Master of Arts
Applicants are required to submit three letters of recommendation, a statement of interest, official transcript(s) delivered and/or mailed in a sealed envelope by the Registrar of the college/university attended, and the most recent Graduate Record Examination scores.
All students admitted to the M.A. program must have at least a Bachelor of Arts degree or its equivalent, a cumulative GPA of B or better, a minimum of 24 undergraduate credits in economics, plus a course in differential calculus or mathematics for economists. The economics credits should include 6 credits of statistics and 6 credits of intermediate economic theory. Special admission with some conditions will be considered on individual basis.
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A student must be physically in residence in the Graduate School of Arts and Sciences for at least two semesters in order to be recommended for the MA degree. The residency requirement implies a student complete two semesters of full-time course work (see also the Graduate School requirements).
Graduate assistantships are available for full-time M.A. students and carry a stipend. Students receiving such assistantships are required to take at least 9 credits per semester. Applications for assistantships should be sent to the Director of Graduate Studies in the Department of Economics.
English Competency and Expository Writing
All graduate students must demonstrate their competency in the English language as evidenced by earning a passing score on the English Proficiency Examination administered by the Graduate School. Students who do not pass the examination must successfully complete a course on expository writing, "Writing Workshop in Exposition for Graduate Students." All graduate students, both part-time and full-time, must satisfy this requirement during their first year of enrollment. Students will not be allowed to advance to candidacy without having satisfied this requirement.
Responsible Conduct of Research
The Responsible Conduct of Research (RCR) Workshop is intended to provide students with information on pertinent federal and University guidelines and regulations pertaining to the responsible conduct of research as well as to instruct them in a method of utilizing moral reasoning skills in responding to ethical dilemmas in research. Workshop topics include intellectual property, data sharing and understanding of Institutional Review Board (IRB) policies and procedures, data acquisition and management, and mentoring. The RCR training workshop is a requirement for admission to candidacy. To receive the RCR certificate, students must complete all required training sessions and successfully complete a learning assessment exercise at the end of the workshop.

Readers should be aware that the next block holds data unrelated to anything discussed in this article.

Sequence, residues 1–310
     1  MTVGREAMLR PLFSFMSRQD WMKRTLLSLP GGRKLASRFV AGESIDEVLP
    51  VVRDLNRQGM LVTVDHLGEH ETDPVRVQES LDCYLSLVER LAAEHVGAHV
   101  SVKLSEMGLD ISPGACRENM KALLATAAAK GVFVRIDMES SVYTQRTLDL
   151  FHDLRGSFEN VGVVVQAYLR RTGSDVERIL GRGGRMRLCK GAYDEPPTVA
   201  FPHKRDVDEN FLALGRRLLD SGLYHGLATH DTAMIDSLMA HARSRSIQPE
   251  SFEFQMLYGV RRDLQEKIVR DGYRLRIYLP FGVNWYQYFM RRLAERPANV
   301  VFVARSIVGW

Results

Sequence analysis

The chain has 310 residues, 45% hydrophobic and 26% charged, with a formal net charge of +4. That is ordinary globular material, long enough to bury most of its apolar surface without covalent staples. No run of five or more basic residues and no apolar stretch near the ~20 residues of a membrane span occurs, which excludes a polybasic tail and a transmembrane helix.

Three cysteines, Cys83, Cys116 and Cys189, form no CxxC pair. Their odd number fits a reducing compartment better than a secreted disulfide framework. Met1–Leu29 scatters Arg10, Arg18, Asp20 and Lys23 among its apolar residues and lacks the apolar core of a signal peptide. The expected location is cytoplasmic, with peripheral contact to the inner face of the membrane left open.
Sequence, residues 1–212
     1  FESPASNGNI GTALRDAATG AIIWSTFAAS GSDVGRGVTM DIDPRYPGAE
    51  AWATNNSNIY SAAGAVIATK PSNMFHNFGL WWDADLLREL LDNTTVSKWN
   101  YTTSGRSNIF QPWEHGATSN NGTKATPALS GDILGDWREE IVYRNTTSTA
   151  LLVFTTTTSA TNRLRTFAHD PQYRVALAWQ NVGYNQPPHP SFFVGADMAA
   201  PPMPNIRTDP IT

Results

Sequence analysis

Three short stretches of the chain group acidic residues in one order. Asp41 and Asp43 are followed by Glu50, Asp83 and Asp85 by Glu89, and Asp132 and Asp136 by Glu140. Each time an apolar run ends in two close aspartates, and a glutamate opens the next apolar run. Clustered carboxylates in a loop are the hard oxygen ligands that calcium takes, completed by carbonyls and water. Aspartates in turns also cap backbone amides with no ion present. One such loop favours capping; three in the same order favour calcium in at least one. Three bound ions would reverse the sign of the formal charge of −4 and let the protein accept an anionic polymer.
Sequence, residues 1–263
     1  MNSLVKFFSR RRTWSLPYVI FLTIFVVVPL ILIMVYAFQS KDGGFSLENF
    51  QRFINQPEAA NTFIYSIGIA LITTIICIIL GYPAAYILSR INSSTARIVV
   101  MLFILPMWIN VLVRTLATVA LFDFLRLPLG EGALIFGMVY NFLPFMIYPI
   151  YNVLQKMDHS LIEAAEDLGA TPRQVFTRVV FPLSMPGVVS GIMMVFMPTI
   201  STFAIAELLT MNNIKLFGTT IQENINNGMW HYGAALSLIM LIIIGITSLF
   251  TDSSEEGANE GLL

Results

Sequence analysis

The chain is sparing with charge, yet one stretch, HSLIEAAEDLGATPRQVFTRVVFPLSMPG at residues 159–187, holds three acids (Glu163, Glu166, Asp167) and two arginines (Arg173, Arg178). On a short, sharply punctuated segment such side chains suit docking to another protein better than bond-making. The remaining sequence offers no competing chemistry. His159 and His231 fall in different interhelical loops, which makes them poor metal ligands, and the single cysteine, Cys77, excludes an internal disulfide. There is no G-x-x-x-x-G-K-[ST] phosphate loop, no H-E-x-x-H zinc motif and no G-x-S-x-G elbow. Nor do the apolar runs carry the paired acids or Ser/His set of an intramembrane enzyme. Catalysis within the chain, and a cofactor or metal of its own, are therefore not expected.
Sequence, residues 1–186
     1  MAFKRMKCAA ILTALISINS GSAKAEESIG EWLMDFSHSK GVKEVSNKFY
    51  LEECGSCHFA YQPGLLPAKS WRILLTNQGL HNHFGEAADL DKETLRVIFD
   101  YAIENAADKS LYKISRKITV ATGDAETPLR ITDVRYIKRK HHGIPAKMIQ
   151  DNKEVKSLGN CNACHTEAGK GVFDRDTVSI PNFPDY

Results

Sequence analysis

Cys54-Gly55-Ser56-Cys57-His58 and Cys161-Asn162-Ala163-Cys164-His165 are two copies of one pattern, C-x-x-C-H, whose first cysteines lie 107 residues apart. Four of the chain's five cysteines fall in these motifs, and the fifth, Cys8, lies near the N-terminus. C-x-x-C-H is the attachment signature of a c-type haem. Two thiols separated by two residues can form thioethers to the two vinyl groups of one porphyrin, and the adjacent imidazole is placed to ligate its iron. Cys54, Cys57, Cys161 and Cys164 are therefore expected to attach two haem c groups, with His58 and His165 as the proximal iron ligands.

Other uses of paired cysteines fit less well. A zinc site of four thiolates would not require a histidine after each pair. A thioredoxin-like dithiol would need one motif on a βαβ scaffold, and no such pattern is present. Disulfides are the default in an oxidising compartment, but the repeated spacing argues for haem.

There is no language requirement.
More details about these Graduate School requirements may be found on the Graduate School website:
General Program Requirements
Students must complete a total of 30 credit-hours, of which 21 credit-hours must be devoted to core course requirements. Each of the following courses is a 3-credit course:
- Microeconomic Theory I (ECOG-200)
- Macroeconomic Theory I (ECOG-202)
- History of Economic Analysis (ECOG-204)
- Workshop in Economic Research (ECOG-207)
- Econometrics I (ECOG-211)
- Advanced Statistics (ECOG - 210)
- Mathematics for Economists (ECOG-213)
Up to six (6) credit hours may be transferred from other graduate programs in economics subject to the requirements that (1) the student received a grade of B or better in the course and (2) the Director of Graduate Studies approve the transfer of credit. Three (3) credit-hours must be earned in the student's area of concentration. Nine (9) credit-hours must be earned by taking additional elective courses in the Economics Department. Students taking the thesis option may replace up to six (6) credit hours of elective courses with equal number of hours of Thesis Seminar (ECOG-300 and ECOG 301).
Areas of Specialization
The Department offers four specializations: Growth and Development Economics, Urban Economics, Labor Economics and International Economics. The required course for each of the stated specializations is:
- Growth and Development I (ECOG-220)
- Urban Economics I (ECOG-230)
- Labor Economics I (ECOG-261)
- International Economics I (ECOG-244)
Students must pass two (2) comprehensive examinations to graduate. The examinations are offered twice yearly in the following two areas: microeconomic theory and macroeconomic theory. The student may elect to take examinations in all two areas in one semester.
The student may choose to complete a Master's Thesis, taking two thesis courses instead of other electives. A member of the Graduate Faculty is selected to act as thesis advisor and will supervise the student's development of the thesis. A thesis committee overseeing the thesis consists of the thesis advisor and at least two other faculty members. A majority of the members of the thesis committee must be members of the graduate faculty. Final approval of the thesis is the responsibility of the full committee. The candidate is required to pass a final oral examination in defense of the thesis. A candidate who fails such an examination on the first try may sit for a second examination. The second examination, in such a circumstance, shall be administered at least two months after the first attempt.